Skiena’s TADM Problem 7-1

From Skiena’s Algorithm Design Manual
Problem 7-1

A derangement is a permutation \(p\) of \(\{1,…,n\}\) such that no item is in its proper position, i.e. \(p \not= i\,\, \forall\,\, 1 \le i \le n\). Write an efficient backtracking program with pruning that constructs all the derangements of n items.

Solution
(no guarantee that the solution is good or even correct)

Compile with -std=c++11 and please leave comments if you find a mistake or an improvement.

#include <iostream>
#include <array>

#define N 10

// Comment 1: some function parameters are unused but kept
//            to provide consistency with Skiena's book
// Comment 2: there is no pruning because the candidate lists
//            are constructed to contain only possible numbers

// By construction it is a solution if we reach the last element
bool is_a_solution (
    std::array<int, N>& arr, int k, int n
    ) {
    return k == n-1;
}

// processing = print it
void process_solution (
    std::array<int, N>& arr, int k, int n
    ) {
    for ( int i = 0; i != n; ++i )
        printf ("%i ", arr[i]);
    printf ( "\n" );
}

void construct_candidates (
    std::array<int, N>& arr, int k, int n, std::array<int, N>& cands, int& ncandidates
    ) {
    ncandidates = 0;

    // generate a full list of candidates
    int candlist[N];
    for ( int i = 0; i != n; ++i )
        candlist[i] = i;

    // remove those that are in the array already and the one in position k
    for ( int i = 0; i != k; ++i )
        candlist[arr[i]] = -1;
    candlist[k] = -1;

    // the rest are candidates
    for ( int i = 0; i != n; ++i )
        if ( candlist[i] != -1 )
            cands[ncandidates++] = candlist[i];
}

void backtrack (
    std::array<int, N>& arr, int k, int n
    ) {
    std::array<int, N> cands = {0};
    int ncandidates;

    if ( is_a_solution ( arr, k, n ))
        process_solution ( arr, k, n );
    else {
        k = k+1;
        construct_candidates ( arr, k, n, cands, ncandidates );
        for (int i=0; i<ncandidates; i++) {
            arr[k] = cands[i];
            backtrack ( arr, k, n );
        }
    }
}

int main () {

    std::array<int, N> arr = {-1};
    int k = -1;

    backtrack ( arr, k, N );

    return 0;
}

Create sorted 1D array from sorted 2D array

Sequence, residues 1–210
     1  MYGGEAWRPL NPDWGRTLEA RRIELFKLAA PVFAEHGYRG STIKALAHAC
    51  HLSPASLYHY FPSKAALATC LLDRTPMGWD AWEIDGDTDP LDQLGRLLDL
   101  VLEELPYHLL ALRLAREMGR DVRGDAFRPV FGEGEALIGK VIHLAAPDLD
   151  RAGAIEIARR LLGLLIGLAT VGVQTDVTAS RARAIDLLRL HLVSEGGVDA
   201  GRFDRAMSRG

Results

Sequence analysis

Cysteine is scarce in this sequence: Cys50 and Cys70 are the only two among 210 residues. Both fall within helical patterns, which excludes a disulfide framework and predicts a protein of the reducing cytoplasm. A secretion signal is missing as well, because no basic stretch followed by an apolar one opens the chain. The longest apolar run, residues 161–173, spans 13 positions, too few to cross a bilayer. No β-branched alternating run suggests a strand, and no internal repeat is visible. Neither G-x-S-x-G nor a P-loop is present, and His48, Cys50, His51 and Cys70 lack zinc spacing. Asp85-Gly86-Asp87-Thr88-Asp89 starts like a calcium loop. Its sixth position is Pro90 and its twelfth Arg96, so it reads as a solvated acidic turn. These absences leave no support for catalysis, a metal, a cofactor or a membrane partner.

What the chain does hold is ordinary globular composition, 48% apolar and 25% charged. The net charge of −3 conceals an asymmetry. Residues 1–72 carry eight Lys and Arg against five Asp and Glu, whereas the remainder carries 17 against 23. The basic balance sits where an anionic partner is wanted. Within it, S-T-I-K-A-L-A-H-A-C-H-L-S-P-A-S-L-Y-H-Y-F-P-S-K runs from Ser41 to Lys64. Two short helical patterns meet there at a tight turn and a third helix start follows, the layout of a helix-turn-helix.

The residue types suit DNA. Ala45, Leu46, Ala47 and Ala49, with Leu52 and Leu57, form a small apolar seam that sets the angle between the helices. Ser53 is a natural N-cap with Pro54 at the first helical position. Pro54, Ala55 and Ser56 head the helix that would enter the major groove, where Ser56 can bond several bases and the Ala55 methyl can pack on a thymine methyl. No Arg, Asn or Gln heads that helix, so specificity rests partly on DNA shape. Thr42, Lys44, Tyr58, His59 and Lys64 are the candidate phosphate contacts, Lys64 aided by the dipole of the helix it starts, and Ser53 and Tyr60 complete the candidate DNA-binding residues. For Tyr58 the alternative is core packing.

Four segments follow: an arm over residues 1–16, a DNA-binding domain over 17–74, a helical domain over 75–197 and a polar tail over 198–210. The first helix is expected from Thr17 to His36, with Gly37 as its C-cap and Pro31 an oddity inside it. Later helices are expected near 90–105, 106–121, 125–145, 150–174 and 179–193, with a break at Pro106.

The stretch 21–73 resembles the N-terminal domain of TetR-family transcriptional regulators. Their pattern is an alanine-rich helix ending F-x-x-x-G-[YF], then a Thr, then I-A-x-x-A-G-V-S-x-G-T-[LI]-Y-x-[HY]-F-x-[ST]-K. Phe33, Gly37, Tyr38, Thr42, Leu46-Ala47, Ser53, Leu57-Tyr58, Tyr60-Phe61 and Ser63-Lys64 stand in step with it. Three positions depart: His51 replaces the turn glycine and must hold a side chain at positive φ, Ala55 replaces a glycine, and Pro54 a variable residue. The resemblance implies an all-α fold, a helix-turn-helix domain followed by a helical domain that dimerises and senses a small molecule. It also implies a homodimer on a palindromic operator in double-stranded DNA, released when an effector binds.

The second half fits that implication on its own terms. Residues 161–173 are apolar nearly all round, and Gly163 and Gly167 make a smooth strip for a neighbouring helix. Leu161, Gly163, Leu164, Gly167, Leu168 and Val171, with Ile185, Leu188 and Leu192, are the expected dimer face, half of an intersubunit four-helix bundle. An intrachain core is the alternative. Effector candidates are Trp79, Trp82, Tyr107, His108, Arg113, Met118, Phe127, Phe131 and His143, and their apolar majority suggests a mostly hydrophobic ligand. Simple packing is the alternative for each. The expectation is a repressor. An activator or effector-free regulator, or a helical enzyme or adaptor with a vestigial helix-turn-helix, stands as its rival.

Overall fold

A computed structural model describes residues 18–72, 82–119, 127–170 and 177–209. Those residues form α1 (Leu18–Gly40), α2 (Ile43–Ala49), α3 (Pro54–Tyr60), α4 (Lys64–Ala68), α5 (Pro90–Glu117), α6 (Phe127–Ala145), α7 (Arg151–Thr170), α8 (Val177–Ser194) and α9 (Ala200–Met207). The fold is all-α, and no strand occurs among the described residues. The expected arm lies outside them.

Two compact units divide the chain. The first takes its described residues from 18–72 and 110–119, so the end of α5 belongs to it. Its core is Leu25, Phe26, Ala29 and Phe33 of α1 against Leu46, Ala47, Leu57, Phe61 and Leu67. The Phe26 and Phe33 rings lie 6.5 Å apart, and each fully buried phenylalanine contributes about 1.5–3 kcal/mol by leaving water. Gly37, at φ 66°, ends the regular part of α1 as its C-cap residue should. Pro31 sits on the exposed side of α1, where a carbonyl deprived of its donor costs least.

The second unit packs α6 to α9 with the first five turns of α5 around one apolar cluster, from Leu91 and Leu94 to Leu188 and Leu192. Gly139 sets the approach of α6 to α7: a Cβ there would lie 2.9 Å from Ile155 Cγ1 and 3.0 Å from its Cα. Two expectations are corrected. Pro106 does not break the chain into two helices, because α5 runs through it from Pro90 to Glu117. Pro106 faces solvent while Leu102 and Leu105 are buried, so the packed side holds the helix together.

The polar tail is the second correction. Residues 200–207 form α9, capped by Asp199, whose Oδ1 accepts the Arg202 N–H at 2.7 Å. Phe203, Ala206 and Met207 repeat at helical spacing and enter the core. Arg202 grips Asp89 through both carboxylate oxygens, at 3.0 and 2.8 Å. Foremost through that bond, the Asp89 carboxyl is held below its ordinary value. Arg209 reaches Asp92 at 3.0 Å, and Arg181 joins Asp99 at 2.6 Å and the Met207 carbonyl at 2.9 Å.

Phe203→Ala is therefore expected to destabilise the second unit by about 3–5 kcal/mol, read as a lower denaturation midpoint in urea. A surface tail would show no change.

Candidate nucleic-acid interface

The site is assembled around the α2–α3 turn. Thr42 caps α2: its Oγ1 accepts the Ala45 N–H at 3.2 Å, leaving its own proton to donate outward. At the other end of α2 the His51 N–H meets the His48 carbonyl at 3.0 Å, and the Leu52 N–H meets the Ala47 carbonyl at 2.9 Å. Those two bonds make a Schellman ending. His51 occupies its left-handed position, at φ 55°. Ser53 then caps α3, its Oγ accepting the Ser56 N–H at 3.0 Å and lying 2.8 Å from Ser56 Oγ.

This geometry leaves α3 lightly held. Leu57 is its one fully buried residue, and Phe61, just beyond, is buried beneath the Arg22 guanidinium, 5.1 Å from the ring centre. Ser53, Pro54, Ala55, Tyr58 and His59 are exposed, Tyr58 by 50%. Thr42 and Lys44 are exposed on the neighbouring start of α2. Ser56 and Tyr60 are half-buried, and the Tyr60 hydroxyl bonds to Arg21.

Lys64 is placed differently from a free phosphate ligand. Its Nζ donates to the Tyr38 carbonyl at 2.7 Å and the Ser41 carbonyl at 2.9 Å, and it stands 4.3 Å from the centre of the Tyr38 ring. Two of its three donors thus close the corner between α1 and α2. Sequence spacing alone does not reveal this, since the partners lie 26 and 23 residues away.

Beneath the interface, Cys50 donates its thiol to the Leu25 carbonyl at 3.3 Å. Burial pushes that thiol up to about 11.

Problem:

Given a sorted 2D N x N array (where array[i][j] < array[i][j+1] and array[i][j] < array[i+1][j]), can you write a function that converts this to a sorted 1D array?

Solution:
A possible solution utilizes a propagating front separating the elements that have already been sorted into the 1D array from those that are still pending. The solution is \(\mathcal{O}(N)\) in space because of the storage required for the front and \(\mathcal{O}(N^3)\) in time as the insertion of each of the \(N^2\) numbers requires a comparison of the N front values (at most).

The algorithm generalizes to sorting \(D\)-dimensional arrays, in which case the front has dimension \(D-1\).

Compile with -std=c++11 and please leave comments if you find a mistake or an improvement.

#include <iostream>
#include <limits>

using namespace std;
// typedef double arraytype;
typedef int arraytype;

#define N 4                                                                     // example with a 4x4 matrix

const arraytype mat[N][N] = {{1,2,4,5},{2,3,5,7},{4,6,12,13},{5,20,21,22}};     // sorted 2D array

int main () {

    arraytype arr[N*N] = {0};                                                   // initialize the array to zero
    unsigned int front[N] = {0};                                                // use a front that contains the first number to consider for each column, i.e., 
                                                                                // the first number in each column that has not be sorted in the 1D array yet

    for ( unsigned int n = 0; n != N*N; ++n ) {                                 // loop the 1D array
        arraytype m = numeric_limits<arraytype>::max();                         // init smallest element found to max
        unsigned int f = 0;                                                     // variable for updating the front in one column
        for ( unsigned int col = 0; col != N; ++col ) {                         // walk the 2D array by columns
            if ( front[col] == N ) continue;                                    // if the front hits row N in column col go to next column
            if ( (col > 0) && (front[col] == 0) && (front[col-1] == 0) ) break; // optimization: stop the current column iteration if the front in column col and col-1 is at row 0 (and col > 0)
            if ( m > mat[front[col]][col] ) {                                   // check 2D array for value smaller than m
                m = mat[front[col]][col];                                       // update m
                f = col;                                                        // set f for updating front but don't update front yet because another smaller value might be found
            }
        }
        arr[n] = m;                                                             // set value in 1D array
        front[f]++;                                                             // update front
    }

    for ( auto& i : arr )                                                       // print sorted 1D array
        cout << i << " ";
    cout << endl;
    
    return 0;
}

Solutions with complexity of \(\mathcal{O}(N^2)\log(N)\) are achieved by maintaining the front values in a priority queue. This is the same as the merge step of mergesort.

Simply adding all values of the 2D array into a min heap and extracting them of the top is also \(\mathcal{O}(N^2)\log(N)\) (as \(\mathcal{O}(N^2)\log(N^2) = \mathcal{O}(N^2)2\log(N) = \mathcal{O}(N^2)\log(N)\)). Adding the values to the heap following diagonals from the largest number (bottom right) to the smallest number (top left) will reduce the bubble down time.